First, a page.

Kefir, Kombucha, Kraut, & Kvass
There’s been a rapid decline in living food in recent decades. The industrial food machine has essentially eliminated fermented foods like kefir and sauerkraut from our diets. With the best of intentions, some of us gave up processed food long ago in favor of beautiful platefuls of fresh veggies. The only problem? If we don’t have enough of the microflora that are able to digest and convert those veggies into usable form, we might as well be eating that dead, packaged food.
I think that bears repeating: Vegetables are useless if we don’t have the right microflora to digest them. Human bodies do not digest plants; our gut bugs do. And with each course of antibiotics or other destructive mechanisms, we completely eradicate more sensitive bacterial types and provide more opportunities for resistant “super bugs” to take over. When that happens–no matter how well we try to feed our good gut bugs–the bad microbes will continue to starve us until we starve them and repopulate. (1)
Fermentation in the Human Gut
How does one repopulate the gut with beneficial microbes? That’s a tricky question, because a diet like The Plant Paradox is an ancestral diet, and early humans probably did not know enough to manipulate beneficial microbes in their favor. They ate what they found, which was, Dr. Gundry theorizes, a lot of plants and some small animals and insects. It seems logical that we modern humans would be able to repopulate our guts with beneficial bacteria by simply increasing our leafy green and cruciferous vegetable intake.
It’s not quite so simple, though. It’s likely that human ancestors had bigger colons than we do now, thereby enabling them to ferment and absorb much more fibrous plant matter. If you take a look at modern gorillas, for example, they have much bigger colons, more colonic bacteria, and six times the absorption available than we do. While modern humans have larger small intestines, our smaller colons make for very limited fermentation and absorption space. Factor in the deep gut damage that many of us have acquired and it’s no wonder we’ve got an entire pantry full of supplements. (6)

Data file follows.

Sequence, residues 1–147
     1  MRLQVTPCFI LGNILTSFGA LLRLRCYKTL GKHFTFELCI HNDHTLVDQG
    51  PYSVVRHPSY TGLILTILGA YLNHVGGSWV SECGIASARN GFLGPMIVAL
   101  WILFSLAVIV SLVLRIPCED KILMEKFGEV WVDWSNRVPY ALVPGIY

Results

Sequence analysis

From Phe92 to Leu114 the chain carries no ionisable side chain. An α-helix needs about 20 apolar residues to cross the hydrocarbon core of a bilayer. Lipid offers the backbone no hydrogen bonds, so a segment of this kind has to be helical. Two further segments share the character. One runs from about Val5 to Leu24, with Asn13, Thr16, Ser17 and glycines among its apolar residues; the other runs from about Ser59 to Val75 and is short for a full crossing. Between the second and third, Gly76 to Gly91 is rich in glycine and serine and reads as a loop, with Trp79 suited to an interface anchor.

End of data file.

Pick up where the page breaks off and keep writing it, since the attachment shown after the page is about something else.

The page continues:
If we have to consume plant matter (or the bacteria that live on it) to replenish our beneficial gut microbes, how can we do this with guts so damaged, we’re unable to digest and absorb the nutrients from plants? Other than eating an entirely carnivorous diet, we can do what every culture on the planet has done since the dawn of civilization: consume probiotic, lacto-fermented beverages that contain hosts of beneficial microbes and bio-available nutrients. (8)
Lacto-fermentation is the art of creating the right conditions for the beneficial bacteria in and on food to predigest the sugars, making it more digestible and available to the human body. There has, thankfully, been a recent trend in these types of foods–kombucha, kefir, and fermented raw foods. I’ve seen them at my local farmer’s market…for like $7.00 a bottle. Unless you want to refinance your home to start consuming living foods on a regular basis, it’s a great idea to learn how to make your own. In this post, I’ll show you how to make some of the most inexpensive and most beneficial fermented foods to help heal and repopulate your gut with the right bugs.
Unless you grew up fermenting traditional foods, most of us have to relearn it from somewhere. I’m not going to pretend I learned how to do any of this on my own. All of my methods for making these foods and beverages are adapted from books and websites I highly recommend:
- Gut & Psychology Syndrome by Natasha Campbell-McBride
- GAPS, Stage by Stage, With Recipes by Becky Plotner
- The Heal Your Gut Cookbook by Hilary Boynton and Mary Brackett
Equipment for Lacto-Fermenting
Other than time and vegetables, you don’t need much to start fermenting. I find some things make the job much easier, though, especially if you’re making something every day. The first time I “mashed” salty cabbage with my own hands, I was wishing I had done more arm strength training. The next time, I had the genius idea to use a stand mixer to mash the cabbage and it was the best sauerkraut I’ve ever made.
Jump Starting with Probiotics
If you have whey from yogurt-making, you can use that or dump the powder from a probiotic capsule into your recipe to “jump start” fermentation. If, in consultation with your doctor, you know that your body could benefit from certain strains, go ahead and add your favorite capsule to the recipes where I’ve indicated. I’ve used this low histamine probiotic in the past when I was struggling with histamine issues.
Don’t confuse homemade sauerkraut liquid with the sauerkraut you find near the German sausages at the grocery store. Commercial sauerkraut has been pasteurized, which kills off the beneficial things we’re trying to preserve by making it in the first place.